While Beck used to be an atheist, you could view her as nonreligious. There is no serious mention of her deciding she was atheist. However, her spiritual questioning and quest for truth are noble. If you are an atheist, you may find yourself skeptical of her supernatural experiences while her body is under extreme stress, or under chemical influence. If you are not an atheist, you may find truth in a belief that everything is connected, and hold out hope for a place where “all our hearts will sing in unison.” – Bjorn Watland


Natural Atheism by David Eller

Professor Eller teaches Cultural Anthropology in Denver, Colorado. In his research on religion, he gained great insight into the affects of religion and the advantages of freethinking.

Natural Atheism has some challenging material, but it appears Professor Eller’s aim was to address a general audience. At the beginning, he clarifies what he means by a natural atheist. As Eller writes, “All humans are born Atheists. No baby born into the world arrives with religious beliefs or knowledge.”

To return you to this natural state, Eller offers twelve steps to atheism. In his twelve steps, he attacks the traditional arguments for the existence of god and the support theists use to justify their position. This chapter leads to a lesson on reasoning. For Eller, a rational approach is imperative for understanding the issues he presents.

The second part clarifies his understanding on important concepts that influence an atheist. He addresses epistemological concepts, a clarification of types of atheism, science’s role in promoting atheism and finally toleration and truth. These chapters give a wider approach to being an atheist than just using a standard atheist’s defense. What is often a problem in books on atheism is a lack of application, but a lot of theory.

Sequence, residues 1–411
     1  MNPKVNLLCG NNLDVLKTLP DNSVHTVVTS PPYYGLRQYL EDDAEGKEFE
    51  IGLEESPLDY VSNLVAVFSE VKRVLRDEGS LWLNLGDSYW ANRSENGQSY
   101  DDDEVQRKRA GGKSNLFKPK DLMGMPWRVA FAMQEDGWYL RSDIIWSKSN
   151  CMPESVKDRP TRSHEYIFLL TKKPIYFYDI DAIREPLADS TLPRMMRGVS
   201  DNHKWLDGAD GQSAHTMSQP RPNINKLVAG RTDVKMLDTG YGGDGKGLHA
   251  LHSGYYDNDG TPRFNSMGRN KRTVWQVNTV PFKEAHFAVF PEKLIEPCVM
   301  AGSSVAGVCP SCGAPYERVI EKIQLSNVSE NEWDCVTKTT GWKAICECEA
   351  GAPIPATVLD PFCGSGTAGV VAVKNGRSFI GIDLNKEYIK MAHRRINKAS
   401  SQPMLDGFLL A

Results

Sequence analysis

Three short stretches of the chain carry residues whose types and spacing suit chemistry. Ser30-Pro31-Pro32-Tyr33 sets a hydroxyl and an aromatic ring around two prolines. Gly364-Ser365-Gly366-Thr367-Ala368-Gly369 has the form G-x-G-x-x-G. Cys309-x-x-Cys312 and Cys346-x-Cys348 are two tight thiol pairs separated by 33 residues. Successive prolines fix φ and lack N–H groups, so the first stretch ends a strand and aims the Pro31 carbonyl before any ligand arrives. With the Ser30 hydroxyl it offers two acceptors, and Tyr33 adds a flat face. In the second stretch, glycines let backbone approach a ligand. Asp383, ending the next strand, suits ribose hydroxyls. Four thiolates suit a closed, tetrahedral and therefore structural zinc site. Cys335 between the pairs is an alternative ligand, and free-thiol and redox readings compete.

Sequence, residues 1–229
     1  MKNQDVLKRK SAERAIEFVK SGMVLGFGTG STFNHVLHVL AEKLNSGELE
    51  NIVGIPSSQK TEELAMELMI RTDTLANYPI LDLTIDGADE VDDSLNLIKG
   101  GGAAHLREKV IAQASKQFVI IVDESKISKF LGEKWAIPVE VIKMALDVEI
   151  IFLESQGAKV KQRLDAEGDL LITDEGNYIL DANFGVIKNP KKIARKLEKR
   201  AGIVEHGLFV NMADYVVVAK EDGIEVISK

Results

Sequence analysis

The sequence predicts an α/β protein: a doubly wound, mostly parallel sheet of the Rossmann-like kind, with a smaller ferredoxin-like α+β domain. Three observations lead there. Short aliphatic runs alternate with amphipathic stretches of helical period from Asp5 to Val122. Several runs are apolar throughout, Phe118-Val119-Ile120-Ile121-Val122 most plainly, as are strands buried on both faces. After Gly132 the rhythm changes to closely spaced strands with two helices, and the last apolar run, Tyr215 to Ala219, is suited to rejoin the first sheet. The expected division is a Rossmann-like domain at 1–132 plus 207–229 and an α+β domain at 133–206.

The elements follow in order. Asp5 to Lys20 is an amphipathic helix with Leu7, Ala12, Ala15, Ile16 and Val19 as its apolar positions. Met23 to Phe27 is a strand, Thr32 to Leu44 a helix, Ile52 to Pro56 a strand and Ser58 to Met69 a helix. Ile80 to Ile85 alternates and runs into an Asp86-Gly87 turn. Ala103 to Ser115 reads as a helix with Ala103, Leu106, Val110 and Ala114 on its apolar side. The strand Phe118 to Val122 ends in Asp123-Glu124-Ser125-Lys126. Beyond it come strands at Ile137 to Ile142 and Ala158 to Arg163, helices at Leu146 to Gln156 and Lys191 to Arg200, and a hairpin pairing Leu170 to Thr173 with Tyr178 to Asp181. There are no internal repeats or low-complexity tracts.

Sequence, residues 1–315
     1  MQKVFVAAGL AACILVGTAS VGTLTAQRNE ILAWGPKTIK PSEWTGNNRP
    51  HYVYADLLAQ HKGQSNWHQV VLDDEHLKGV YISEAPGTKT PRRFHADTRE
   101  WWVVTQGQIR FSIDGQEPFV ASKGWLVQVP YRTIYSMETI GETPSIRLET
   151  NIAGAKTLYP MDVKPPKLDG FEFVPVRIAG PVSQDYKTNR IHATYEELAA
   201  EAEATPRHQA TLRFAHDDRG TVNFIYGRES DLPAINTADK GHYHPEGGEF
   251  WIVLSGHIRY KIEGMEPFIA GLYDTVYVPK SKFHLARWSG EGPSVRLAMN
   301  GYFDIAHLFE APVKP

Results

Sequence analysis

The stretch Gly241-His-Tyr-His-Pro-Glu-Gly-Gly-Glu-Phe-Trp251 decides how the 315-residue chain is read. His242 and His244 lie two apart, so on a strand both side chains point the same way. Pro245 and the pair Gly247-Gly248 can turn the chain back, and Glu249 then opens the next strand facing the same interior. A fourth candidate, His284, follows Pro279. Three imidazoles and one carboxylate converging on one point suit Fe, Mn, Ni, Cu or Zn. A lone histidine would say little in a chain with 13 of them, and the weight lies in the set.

In his third part, Eller explores the issues of separation of church and state, recruiting members into atheism, and how to deal with the fundamentalist in our culture. He concludes with a presentation of an atheist’s attitude toward being an atheist.

The book has a good bibliography but has no index. This makes it more difficult to use as a quick reference. The table of contents is more thorough and helps recall of the chapters.

Eller has created a book that could be used as an introductory text. It is accessible and does not gloss over sections. It is understandable for most readers and thought provoking for the novice. – Grant Steves


Worlds of Their Own by Bob Schadewald

Bob Schadewald could – and would – talk to just about anyone. There wasn’t a crackpot too cracked or a true believer too deceived that Bob wouldn’t talk to. Bob died in 2000 at age 57, but he left behind files filled with articles he wrote about the pseudoscientists he had met, interviewed, and even formed deep friendships with.

Fortunately for us, Bob’s sister Lois Schadewald combed through Bob’s files, talked to Bob’s friends from around the country, and put together a remarkable compilation of Bob’s work.

In Worlds of Their Own, you will meet some amazing characters. Immanuel Velikovsky, for example, was a Russian immigrant and psychoanalyst who took biblical mythology, Greek mythology, and some comets no one else ever heard of, mixed them all together, and “proved” that biblical stories like Noah’s Flood, the Parting of the Red Sea, and the Sun Stopping for a Day thing really happened.

As Bob put it, Velikovsky was like many other pseudoscientists and true believers: “Facts inconsistent with his conclusions never troubled him in the least.”

In 1978, Bob published a spoof in Science Digest about a perpetual motion machine. That article led to his meeting people (including engineers) who truly believed they could build a perpetual motion machine that violated the laws of thermodynamics. Bob’s conclusion: “A perpetual motionist typically concocts a scheme so complicated that he can’t see why it won’t work. He then assumes that it will work.”